Not much today, family member got hospitalized last night (they are fine). Only read a few pages of that book so far, but I like it, tells you exactly what you need to know and makes it easy to understand. Anyways, perspective! Now will 100% less ruler!
Hey man great progress. You seem to be making a common beginner's mistake however, not that I'm not a beginner O_o. When you draw a line you seem to kind of scratch it in rather than making one smooth, confident line. This is likely because you're drawing from the wrist rather than the elbow.
Here's a good video on it . It may seem tedious but I think if you follow along with it you'll find it's really freeing to draw this way.
Some more stuff, really happy how the school fish ornament came out, along with the lamp and some of the bags on the last page came out. Shading is still a big problem though. Hope you all had nice holidays!
A very small bit of what I have been doing since the site was down. Poses were gotten from one of those 30 second picture rotation site, the sandle and box thing were from life, as were the blobs that may or may not look like hands.
Edit: Also, I have been using an 'F' pencil at this point. It feels like the lines I'm getting from it are way too light. Should I use a 'B' or '2B' or somethig?
Happy New Year Dyeonyx, great to see you still drawing away. I think you were very close with the shape and perspective of the sandal, and the cupboard/drawer perspective looks very good. In answer to your pencil question what not try a HB grade of pencil. It is in the middle of the soft and hard range. I sometimes start out with a H or F pencil and then go over my lines with a HB.
I also think your line quality is improving in your longer studies but still quite scratchy in your quicker gestures. A good exercise to do which can help improve you line quality is to just practice drawing straight lines as long as you can and fill up a whole sheet. Try going horizontal, vertical and diagonal. Then have a go at doing circles and see how smooth and round you can get them. These exercises are quite good a warm up before you draw as well as improving your overall technique with your pencil. Hope this helps, I do think you are doing all the right things so stick at it.
More handy hands, and some blobs that should be hands. Thanks for the info Marian Rowling, I'll pick up some HB pencils. The straight line/circle practice seems like a very good drill to do everyday/before drawing.
Also found a video from an artist that I think posts around here: http://www.youtube.com/watch?v=LPg07NadVZI
Just looking his silhouettes you can make out some sort of mech type thing from each of them, and they all have a feeling of mass(if that even makes sense). It's really inspiring.
I definitely see improvement. My advice is to stick with perspective as it is arguably the most important tool in the core fundamentals. Also try to work towards more comfortable contours (your line), currently your line is looks a bit messy. Try to get a nice clean line.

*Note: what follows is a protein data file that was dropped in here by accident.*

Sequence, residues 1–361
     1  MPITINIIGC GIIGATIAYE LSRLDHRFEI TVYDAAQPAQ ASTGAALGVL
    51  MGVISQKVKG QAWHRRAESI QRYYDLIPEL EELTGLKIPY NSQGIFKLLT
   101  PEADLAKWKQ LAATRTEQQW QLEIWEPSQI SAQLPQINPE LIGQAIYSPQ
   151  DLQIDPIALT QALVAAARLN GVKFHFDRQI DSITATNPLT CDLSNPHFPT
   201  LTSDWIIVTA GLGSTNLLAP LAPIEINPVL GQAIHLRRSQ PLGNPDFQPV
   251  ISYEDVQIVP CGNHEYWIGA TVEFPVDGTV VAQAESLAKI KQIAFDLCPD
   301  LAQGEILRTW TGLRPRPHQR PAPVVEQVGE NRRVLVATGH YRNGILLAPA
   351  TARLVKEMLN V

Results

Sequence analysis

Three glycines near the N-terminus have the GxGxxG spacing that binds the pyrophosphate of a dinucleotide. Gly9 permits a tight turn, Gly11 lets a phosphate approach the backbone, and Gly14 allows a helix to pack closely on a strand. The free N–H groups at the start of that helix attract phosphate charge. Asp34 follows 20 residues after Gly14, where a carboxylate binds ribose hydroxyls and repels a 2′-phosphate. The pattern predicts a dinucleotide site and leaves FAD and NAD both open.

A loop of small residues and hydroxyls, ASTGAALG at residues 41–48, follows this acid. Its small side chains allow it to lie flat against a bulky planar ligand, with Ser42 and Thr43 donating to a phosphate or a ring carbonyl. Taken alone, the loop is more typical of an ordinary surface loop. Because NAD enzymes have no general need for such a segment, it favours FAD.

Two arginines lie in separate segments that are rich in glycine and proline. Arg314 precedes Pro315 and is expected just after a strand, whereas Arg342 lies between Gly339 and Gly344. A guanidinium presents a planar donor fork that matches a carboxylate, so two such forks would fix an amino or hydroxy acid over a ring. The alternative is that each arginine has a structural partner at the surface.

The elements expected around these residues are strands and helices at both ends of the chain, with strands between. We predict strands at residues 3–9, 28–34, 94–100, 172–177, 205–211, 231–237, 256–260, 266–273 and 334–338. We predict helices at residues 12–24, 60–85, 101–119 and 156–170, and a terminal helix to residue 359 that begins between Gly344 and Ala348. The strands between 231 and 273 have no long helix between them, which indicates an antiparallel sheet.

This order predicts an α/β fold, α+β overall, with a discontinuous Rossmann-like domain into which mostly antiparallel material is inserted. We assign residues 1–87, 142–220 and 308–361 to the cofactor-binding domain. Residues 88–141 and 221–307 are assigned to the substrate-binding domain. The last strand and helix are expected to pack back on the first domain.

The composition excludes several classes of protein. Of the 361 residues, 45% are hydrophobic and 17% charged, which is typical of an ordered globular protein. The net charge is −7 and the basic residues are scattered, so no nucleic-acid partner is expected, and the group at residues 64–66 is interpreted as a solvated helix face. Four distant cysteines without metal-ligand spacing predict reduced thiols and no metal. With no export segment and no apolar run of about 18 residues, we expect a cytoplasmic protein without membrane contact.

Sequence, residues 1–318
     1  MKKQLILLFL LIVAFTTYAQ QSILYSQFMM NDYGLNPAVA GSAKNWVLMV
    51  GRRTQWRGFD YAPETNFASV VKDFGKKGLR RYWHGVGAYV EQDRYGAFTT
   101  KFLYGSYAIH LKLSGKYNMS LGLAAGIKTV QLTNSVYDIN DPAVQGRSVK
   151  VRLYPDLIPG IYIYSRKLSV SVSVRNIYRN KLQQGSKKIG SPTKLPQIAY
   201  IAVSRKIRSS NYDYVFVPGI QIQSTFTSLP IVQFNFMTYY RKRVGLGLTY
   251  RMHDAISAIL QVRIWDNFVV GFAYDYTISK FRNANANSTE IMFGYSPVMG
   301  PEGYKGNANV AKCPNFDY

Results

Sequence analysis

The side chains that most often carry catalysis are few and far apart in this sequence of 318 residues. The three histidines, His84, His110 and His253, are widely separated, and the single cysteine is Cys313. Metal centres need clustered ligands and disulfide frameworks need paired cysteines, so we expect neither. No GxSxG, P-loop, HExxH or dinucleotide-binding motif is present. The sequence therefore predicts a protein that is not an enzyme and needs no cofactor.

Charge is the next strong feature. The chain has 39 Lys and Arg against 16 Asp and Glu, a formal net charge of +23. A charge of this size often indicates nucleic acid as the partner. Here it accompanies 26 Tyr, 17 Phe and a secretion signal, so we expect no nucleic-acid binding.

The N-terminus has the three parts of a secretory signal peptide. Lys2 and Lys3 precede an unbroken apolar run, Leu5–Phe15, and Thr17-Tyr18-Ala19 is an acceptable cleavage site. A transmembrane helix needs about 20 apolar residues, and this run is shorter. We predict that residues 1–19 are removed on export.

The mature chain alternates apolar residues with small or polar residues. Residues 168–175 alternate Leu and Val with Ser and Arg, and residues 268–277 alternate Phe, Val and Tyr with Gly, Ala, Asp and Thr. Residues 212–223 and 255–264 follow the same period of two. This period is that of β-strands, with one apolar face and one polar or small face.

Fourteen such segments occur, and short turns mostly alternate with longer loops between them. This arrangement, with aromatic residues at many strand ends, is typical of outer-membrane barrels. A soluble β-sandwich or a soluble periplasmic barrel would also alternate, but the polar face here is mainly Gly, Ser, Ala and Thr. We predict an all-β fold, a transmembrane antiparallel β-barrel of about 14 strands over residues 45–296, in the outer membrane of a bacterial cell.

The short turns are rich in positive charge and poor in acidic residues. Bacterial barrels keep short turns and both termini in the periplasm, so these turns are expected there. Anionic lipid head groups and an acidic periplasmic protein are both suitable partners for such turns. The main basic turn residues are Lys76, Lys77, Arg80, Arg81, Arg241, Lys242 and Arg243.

More hands/fingers that ACTUALLY kinda look like hands fingers. "Draw what you see, not what you think you see" was ringing through my head the whole time, I thought I was looking at my subjects a lot before, but it really just occurred to me just how many details one misses if they look away even for for a second, as soon as I take my take my eyes away from my hand, my brain just kinda goes "just draw a curved line, it's just a finger" and I miss out on all the subtle dents and curves in the fingers.
Hey Dyeonyx, this is my 1st ever comment on CA, and it goes for you man, its really amazing to see your improvement and to know that you're doing it on your own will. Just want to suggest you to try and get a better "handle" of the pencil/tool you're working with, draw some lines straight or curve, just to get comfortable with the motion of the hand, and how the tool traces. Other than that I see you already got some great advice from everybody.
Keep it up man, its really great to see your improvement.
Thank you so much for the kind words kazulax. I think my very bad lines come from more of a mental block. I seem ok with doing some in practice drills, but as soon as I have an object in front of me to draw, my mind is kinda telling me to take it slow and slowly chip out a line, when I should actually just be planning the entire line out in the first place and drawing in one fell swoop.
Anyways, not much today, so I'm also posting one of my line practice sheets as well. I do like how the life drawings came out however. I don't think I got the lines right on the pushpin thing though.
hey Dyeonyx that mental block you are talking about is mainly mascular tension- relax your wrist,the pencil should be hanging loosly in your palm-like dichotomy said draw from the elbow or shoulder once you start felling tense
or making scratchy lines stop and try again,the physical act of drawing is not that hard you keep practicing and you will get it right.
Hello GrayPersona, makes a lot of sense, I tend to be a truly tense person. I just gotta relax and let the lines come out. I have always been drawing from elbow/shoulder, however.
Not that much today, tried drawing with pen to see how I would take to drawing with something more permanent. And also some perspective stuff from life, that came out better than the last one I tried of this.
Not much today. It's pretty funny how you think something looks ok at first, but then later on you look at it and go "What the hell am I doing?" As soon as I uploaded this I saw how the top area was kinda leaning over to the left.
I tried to keep the shading very very basic, less worrying about values and more what is very dark and what isn't. Some lines are still very shaky but over all I think I'm getting a little better with that.